The Fever 333 Reflects on Their Grammy-Nominated Song “Made An America”

The Fever 333 (Credit: Jimmy Fontaine)

Behind every transgressive artist is a teacher who instilled a seed of rebellion inside them. For Fever 333’s vocalist Jason Aalon Butler, it was Mr. Leath. Prior to teaching Butler history at Westchester High in Los Angeles, Leath taught at a juvenile hall. Leath was a hip–hop head who taught Butler about music culture. Most importantly, Leath taught Butler about rebellion.

“He was fired because he taught us the actual history of Blacks, Asians, Irish immigrants and Latinos,” Butler told the Weekly. “He knew he’d be admonished for that, and he did it anyway. He risked his livelihood for the truth!”

As the vocalist for the So–Cal based, politically conscious rap-rock band Fever 333, Butler replicates Mr. Leath’s example on an international stage. Last December, Fever 333’s song “Made An America” received a Grammy nomination for Best Rock Performance. With references to mass incarceration of minorities, police brutality, gang violence and America’s inability to cope with these conditions, “Made An America” separated the band from the typically vanilla Grammy nominees. Fever 333, however, never planned on writing a typical, mainstream hit.

“It felt surreal, but not in a dream coming true way,” Butler says. “This project is so much about living outside yourself and being responsible for your actions.” Butler appreciates the recognition but is happier to have a larger platform to open a discussion about tough facts.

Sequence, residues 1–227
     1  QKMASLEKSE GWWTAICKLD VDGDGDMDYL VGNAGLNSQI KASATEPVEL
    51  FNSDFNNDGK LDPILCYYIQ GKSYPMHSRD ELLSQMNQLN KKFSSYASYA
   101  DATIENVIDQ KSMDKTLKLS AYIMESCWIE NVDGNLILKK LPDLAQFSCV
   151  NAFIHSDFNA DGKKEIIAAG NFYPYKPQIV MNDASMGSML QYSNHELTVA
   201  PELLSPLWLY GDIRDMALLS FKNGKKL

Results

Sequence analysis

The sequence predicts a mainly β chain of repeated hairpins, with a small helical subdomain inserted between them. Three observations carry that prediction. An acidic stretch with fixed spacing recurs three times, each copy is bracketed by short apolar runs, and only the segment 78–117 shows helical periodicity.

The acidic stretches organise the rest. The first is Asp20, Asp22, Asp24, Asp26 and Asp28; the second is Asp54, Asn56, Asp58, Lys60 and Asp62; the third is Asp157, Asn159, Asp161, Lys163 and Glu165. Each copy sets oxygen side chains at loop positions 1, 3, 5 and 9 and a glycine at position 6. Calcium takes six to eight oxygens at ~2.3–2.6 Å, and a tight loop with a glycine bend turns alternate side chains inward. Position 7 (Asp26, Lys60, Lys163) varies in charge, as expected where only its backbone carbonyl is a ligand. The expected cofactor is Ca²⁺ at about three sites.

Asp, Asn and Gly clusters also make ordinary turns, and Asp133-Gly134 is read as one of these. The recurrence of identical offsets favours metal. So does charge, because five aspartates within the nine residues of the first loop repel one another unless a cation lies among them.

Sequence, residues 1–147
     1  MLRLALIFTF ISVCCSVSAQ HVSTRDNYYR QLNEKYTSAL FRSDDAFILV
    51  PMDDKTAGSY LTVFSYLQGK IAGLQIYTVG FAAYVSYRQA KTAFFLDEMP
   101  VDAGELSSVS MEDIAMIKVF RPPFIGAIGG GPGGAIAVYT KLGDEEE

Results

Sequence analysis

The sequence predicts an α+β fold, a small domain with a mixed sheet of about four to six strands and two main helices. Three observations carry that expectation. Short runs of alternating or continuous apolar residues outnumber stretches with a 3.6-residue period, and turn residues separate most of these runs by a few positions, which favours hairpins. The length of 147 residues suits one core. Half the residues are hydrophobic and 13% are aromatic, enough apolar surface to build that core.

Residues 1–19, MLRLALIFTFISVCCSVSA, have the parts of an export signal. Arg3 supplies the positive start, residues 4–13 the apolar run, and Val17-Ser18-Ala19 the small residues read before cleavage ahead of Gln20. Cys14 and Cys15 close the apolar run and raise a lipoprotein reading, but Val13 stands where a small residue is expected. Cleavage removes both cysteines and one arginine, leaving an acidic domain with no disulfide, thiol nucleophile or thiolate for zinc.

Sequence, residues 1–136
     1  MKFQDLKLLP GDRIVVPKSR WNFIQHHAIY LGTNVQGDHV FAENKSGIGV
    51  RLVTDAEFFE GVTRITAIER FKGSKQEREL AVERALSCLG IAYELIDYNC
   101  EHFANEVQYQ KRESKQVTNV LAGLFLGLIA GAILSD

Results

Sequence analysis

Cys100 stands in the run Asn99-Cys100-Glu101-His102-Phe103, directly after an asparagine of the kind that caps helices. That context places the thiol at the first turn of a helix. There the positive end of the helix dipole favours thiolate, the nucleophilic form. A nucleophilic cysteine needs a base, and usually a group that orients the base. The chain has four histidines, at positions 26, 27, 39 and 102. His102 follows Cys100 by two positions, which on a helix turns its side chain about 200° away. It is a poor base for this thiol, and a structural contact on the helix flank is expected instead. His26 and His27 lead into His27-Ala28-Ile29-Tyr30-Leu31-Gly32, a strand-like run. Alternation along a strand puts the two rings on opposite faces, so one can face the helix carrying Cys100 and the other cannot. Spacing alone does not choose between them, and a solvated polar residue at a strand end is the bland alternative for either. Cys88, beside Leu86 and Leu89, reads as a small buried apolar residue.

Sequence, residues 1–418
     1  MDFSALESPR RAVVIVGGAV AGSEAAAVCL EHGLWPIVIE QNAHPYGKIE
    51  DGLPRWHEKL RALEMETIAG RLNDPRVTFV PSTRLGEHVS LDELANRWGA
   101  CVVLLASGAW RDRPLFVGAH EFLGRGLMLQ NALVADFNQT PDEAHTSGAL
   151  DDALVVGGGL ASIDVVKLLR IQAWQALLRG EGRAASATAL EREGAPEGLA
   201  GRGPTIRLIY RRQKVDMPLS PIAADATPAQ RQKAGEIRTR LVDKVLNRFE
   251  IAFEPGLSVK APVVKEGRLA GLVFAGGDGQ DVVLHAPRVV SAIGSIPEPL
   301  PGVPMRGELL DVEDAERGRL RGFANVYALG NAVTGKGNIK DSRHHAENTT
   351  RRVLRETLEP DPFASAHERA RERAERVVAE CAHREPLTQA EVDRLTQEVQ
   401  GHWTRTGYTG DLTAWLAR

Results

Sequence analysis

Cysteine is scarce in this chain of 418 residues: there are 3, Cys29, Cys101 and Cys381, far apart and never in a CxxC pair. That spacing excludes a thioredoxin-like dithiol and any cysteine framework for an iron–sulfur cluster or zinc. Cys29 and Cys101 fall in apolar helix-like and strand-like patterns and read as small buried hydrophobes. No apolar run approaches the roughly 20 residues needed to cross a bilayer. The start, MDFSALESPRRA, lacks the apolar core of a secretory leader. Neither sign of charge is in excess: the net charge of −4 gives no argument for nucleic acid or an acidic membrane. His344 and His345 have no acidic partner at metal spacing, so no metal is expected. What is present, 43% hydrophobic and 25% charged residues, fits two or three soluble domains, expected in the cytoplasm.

“I think it’s the most important thing we can do, offering a place to safely have uncomfortable conversations. Discourse is important. As it seems like we’re becoming less sensitive to these issues, we’re more sensitive to each other.” These uncomfortable conversations, Butler believes, will bring us closer. Aside from Butler’s gut-wrenching vocals, the band’s energy derives from the intensity of guitarist Stephen Harrison backed by electrifying drummer and Fullerton native Aric Improta.  

Their high–voltage sound and politically charged message evokes the memory of predecessors like Rage Against the Machine and System of a Down (both of which have earned Grammys over the years). Yet, Fever 333’s ability to blend the same tough ideas as bands like Rage with very catchy melodies might make them more appealing to people who wouldn’t otherwise seek out such forceful music.

Fever 333 is currently on the North American leg of a world tour, and their debut album, “Strength in Numb333rs drops [today] on January 18.

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